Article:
Updated: 1/6/2004; 11:10:46 PM.
Jeremy Allaire's Radio
An exploration of media, communications and applications over the Internet.

This is a personal weblog. The opinions expressed here represent my own and not those of my employer.


Tuesday, April 22, 2003

Centrino: Trojan Horse for Future Cell Data Intel's trying to become the life of the Wi-Fi party: My analysis of Intel's Centrino plans appears in today's Seattle Times. My thesis, in a nutshell, is that although putting 802.11b in a modern laptop isn't a stroke of genius, Intel's actual, stated goal (if you listen to them closely) is much clearer: to provide an end-to-end experience for purchasers of Centrino laptops (configuration, troubleshooting, connection) and to have a path for them to offer ever more advanced wireless technology in the same form factor to manufacturers who are already happy with the process. You could see within a year or 18 months a Centrino offering, for instance, Wi-Fi (g or a/g) plus GPRS or a 3G flavor with Intel's branding on the service. You might be buying Intel Centrino Service by Cingular or T-Mobile Centrino for Intel or whatever the combination of brands is. But it would be a single brand promise and an end-to-end promise, too. Right now, there's a lot of finger pointing when you buy and try to configure a Wi-Fi adapter. Most of the time, it works. When it doesn't, who do you complain to or even get tech support from? When Linksys and Orinoco cards I purchased didn't work in a Sony laptop, I sent email to five different companies and received 15 to 20 suggestions. Fortunately, the last of these, which trickled in, had the solution (Wireless Zero Configuration was turned off). In the same circumstance, if I had a Centrino laptop, I could call the laptop maker, and if I wasn't happy with their help, Intel has a staffed Centrino support line I could call. Both tech support operations are supporting the entire chain. I'm not going to get (I hope) a cock and bull story about it being Microsoft's fault, the driver's fault, the hardware's fault. Let's take one alternative, too: Dell is offering Broadcom's g and a/g solutions under its own TrueMobile name. The g card is a zero-cost sidegrade from a Centrino system to an identical Pentium-M/855 system. If something goes wrong with this combination, I'm entirely reliant on Dell. (Dell is selling a/g and g into the enterprise mostly. If you're planning to upgrade your WLAN to g later in the year, buying a Centrino now might be foolhardy -- and I'm guessing a lot of companies who have thoughts of g or a/g are holding off on...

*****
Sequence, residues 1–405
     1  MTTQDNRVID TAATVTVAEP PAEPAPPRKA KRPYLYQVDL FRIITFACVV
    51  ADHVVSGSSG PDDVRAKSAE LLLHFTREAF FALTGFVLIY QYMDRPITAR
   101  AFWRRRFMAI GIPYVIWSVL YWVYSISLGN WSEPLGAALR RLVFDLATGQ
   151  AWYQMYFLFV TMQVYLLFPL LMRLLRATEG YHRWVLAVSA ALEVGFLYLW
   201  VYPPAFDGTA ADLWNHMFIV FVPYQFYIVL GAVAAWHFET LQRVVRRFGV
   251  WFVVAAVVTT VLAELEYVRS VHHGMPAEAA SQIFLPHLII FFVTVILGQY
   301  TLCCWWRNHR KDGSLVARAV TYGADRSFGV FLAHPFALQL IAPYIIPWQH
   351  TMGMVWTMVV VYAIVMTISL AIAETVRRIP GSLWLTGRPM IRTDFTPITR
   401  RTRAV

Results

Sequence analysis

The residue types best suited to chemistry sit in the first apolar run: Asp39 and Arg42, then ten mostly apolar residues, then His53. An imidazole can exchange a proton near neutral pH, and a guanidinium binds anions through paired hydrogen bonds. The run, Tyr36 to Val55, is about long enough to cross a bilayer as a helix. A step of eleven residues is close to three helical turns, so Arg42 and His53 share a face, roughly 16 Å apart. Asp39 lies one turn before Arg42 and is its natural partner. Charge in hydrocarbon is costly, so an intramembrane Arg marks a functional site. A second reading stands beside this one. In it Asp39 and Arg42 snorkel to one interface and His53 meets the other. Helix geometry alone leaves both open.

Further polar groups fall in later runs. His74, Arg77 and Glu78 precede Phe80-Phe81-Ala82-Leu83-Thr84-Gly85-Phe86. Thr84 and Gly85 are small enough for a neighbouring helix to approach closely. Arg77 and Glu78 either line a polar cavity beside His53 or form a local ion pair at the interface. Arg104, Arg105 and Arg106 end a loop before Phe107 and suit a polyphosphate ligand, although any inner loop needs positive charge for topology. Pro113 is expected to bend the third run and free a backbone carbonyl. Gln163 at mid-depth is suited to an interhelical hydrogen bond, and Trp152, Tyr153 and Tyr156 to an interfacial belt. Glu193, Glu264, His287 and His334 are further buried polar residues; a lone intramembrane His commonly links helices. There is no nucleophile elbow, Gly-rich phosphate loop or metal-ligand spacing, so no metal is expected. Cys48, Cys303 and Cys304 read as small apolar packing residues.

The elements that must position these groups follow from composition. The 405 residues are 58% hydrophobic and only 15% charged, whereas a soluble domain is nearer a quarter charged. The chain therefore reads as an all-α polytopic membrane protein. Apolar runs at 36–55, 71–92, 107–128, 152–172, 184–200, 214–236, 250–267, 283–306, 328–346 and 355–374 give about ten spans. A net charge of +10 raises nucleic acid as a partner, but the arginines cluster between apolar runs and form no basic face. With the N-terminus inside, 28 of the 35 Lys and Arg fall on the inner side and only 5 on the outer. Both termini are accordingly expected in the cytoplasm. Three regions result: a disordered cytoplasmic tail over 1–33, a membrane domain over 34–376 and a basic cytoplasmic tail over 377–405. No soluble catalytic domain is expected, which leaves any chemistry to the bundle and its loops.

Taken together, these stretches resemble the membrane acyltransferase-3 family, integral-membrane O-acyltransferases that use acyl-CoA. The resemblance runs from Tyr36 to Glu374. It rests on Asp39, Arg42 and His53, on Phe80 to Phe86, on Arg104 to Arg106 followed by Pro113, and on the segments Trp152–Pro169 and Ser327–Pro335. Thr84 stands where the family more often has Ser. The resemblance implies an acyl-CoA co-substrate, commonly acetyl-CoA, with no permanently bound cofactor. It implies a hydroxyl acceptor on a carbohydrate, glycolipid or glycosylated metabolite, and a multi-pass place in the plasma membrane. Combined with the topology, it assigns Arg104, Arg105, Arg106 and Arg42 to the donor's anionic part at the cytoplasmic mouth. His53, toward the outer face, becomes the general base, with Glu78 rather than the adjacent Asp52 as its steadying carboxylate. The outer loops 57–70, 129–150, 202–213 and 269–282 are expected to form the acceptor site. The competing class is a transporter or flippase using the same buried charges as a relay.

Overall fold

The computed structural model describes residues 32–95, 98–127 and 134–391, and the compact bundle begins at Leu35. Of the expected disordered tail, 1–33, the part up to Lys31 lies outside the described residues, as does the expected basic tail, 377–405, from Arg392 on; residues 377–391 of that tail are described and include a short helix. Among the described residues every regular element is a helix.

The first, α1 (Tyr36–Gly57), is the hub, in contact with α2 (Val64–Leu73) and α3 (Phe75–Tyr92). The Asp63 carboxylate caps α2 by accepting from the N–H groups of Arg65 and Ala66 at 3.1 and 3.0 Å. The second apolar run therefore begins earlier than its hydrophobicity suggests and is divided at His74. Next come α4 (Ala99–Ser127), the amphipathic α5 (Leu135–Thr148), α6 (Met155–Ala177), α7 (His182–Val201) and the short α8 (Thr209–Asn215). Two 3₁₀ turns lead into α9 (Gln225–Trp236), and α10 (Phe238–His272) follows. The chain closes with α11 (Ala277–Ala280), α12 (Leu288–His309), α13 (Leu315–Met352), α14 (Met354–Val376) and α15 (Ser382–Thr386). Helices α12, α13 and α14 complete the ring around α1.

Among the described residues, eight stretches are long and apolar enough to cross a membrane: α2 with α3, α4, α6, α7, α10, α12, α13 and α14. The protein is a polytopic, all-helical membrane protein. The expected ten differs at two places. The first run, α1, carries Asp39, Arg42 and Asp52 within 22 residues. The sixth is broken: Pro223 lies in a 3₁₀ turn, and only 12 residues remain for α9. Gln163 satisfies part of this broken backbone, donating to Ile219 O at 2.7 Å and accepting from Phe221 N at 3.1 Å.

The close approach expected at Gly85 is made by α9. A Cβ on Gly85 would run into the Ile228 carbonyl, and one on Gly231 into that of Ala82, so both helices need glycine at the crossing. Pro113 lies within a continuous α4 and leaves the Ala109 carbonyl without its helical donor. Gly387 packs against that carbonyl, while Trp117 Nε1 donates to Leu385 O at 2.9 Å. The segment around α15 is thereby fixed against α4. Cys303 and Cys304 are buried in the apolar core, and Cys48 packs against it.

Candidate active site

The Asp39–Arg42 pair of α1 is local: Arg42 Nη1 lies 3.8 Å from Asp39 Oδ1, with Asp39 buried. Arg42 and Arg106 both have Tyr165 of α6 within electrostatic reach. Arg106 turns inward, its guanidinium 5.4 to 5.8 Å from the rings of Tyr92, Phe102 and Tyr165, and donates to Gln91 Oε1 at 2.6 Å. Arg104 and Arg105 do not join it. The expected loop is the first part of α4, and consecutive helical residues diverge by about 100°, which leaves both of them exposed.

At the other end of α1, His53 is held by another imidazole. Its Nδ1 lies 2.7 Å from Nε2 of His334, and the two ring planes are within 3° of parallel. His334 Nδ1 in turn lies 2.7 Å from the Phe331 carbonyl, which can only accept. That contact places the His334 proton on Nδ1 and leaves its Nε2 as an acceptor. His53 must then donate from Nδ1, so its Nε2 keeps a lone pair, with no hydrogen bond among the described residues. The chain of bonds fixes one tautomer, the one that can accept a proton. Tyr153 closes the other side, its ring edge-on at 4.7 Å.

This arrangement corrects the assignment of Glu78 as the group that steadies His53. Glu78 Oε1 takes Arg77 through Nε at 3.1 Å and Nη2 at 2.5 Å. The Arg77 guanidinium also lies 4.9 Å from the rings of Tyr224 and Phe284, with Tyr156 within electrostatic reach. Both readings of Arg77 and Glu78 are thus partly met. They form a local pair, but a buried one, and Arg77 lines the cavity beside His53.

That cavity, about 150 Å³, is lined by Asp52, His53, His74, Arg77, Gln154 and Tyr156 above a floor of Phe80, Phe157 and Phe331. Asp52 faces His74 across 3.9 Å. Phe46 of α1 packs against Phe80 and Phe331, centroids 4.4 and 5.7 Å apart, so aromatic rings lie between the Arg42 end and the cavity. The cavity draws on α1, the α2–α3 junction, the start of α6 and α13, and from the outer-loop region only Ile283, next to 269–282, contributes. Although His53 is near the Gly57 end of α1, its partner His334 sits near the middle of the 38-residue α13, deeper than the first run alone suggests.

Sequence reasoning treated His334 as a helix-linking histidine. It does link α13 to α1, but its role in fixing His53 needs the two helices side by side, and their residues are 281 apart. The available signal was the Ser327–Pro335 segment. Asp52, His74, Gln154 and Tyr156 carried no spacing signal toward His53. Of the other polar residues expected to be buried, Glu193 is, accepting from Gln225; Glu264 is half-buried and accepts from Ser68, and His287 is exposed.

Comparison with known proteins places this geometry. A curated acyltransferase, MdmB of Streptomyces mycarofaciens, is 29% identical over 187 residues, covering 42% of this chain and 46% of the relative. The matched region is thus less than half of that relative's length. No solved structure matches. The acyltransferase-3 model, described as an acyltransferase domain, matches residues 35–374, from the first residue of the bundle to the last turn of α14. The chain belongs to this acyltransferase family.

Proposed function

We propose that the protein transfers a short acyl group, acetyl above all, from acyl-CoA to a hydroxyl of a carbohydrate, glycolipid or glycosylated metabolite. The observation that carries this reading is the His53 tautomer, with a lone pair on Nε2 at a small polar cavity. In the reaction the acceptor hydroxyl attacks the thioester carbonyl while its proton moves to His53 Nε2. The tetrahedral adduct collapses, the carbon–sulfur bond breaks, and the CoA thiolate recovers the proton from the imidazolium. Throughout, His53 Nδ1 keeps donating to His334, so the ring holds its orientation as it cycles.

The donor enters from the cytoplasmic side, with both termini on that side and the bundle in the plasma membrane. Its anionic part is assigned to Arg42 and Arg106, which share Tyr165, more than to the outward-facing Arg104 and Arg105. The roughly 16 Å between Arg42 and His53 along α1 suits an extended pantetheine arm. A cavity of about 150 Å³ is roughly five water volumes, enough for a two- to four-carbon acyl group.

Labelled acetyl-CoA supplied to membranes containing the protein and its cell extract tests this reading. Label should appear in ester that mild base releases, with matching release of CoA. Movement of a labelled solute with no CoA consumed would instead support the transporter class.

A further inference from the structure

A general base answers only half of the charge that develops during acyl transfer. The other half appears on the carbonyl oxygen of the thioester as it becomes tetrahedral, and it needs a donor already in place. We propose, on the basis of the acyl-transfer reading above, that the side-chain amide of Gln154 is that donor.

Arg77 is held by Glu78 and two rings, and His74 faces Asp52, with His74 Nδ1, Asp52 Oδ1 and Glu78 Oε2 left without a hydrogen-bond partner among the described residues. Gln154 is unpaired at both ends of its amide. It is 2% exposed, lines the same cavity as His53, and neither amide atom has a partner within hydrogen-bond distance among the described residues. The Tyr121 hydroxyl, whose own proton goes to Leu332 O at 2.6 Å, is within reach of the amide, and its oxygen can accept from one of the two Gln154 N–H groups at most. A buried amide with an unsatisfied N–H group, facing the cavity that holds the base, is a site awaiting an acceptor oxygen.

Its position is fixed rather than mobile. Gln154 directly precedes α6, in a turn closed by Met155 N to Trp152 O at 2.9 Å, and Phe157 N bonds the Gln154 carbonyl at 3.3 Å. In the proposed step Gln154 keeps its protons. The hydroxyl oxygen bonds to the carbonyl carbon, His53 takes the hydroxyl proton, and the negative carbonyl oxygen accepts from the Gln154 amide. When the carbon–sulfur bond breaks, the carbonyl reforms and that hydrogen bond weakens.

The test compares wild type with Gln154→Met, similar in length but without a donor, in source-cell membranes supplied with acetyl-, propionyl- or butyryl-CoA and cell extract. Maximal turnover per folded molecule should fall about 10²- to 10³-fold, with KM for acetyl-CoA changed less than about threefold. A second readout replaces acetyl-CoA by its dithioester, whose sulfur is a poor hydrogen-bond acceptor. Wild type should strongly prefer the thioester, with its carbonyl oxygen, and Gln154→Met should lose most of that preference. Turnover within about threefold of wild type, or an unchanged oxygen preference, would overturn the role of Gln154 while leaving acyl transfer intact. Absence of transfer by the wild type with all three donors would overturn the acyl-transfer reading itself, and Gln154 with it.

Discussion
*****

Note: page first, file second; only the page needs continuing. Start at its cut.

Good analysis on Intel's long-term ambitions.  The likely collision of WiFi+2/3G cellular with multimedia communications will become a great place for hardware, software and service platform brands to establish themselves.  Nokia's doing it in their universe.  Intel would love to broaden out beyond their current role as hardware supplier up to a higher-level brand and offer for consumers, and mobile appears to be a big play in that direction.


5:31:22 PM    comment []

Look what Don Norman hath wrought! Information appliances!

Philips iPronto Does It with Linux [Slashdot]

In addition to providing a traditional infrared interface, the iPronto also implements Wi-Fi (802.11b) wireless connectivity and even an Ethernet port for LAN or broadband Internet access. There's also a USB port as well as an MMC/SD card slot for connecting to other devices (digital cameras?) and numerous other expansion and upgrade purposes.

The iPronto's "customizable" graphical user interface consists of a "high-resolution" 6.4-inch touchscreen LCD, along with a group of stylish control buttons. The device also has a built-in microphone and stereo speakers which Philips says will allow users to listen to MP3s streamed from the Internet (and, presumably, from other home systems via some sort of home network), and which may some day enable futuristic uses such as voice recognition and IP telephony. [LinuxDevices]

$1,700 seems like a bit much for this device, but if this is what the Linux desktop looks like - then cool!  Where's the hard drive - why shouldn't this be a Wifi server as well?


I'm a user of the prior release of the Pronto, and I have to say it's a nice device.  Having the Internet-connected version doesn't seem to add much.  The folks who'd use this device already have a WiFi enabled laptop, so they're not going to use it for accessing Internet services.  And while it can theoretically talk to other home platforms, virtually none of the mainstream consumer electronics speak any standard protocols or let alone IP.  Even mega-automation companies like Crestron (high-end consumer and corporate a/v automation) advertise an "open platform" based on IP and Ethernet, but when pressed the sales folks couldn't point to any other platforms (lighting, security, a/v gear) that did too.

5:10:34 PM    comment []

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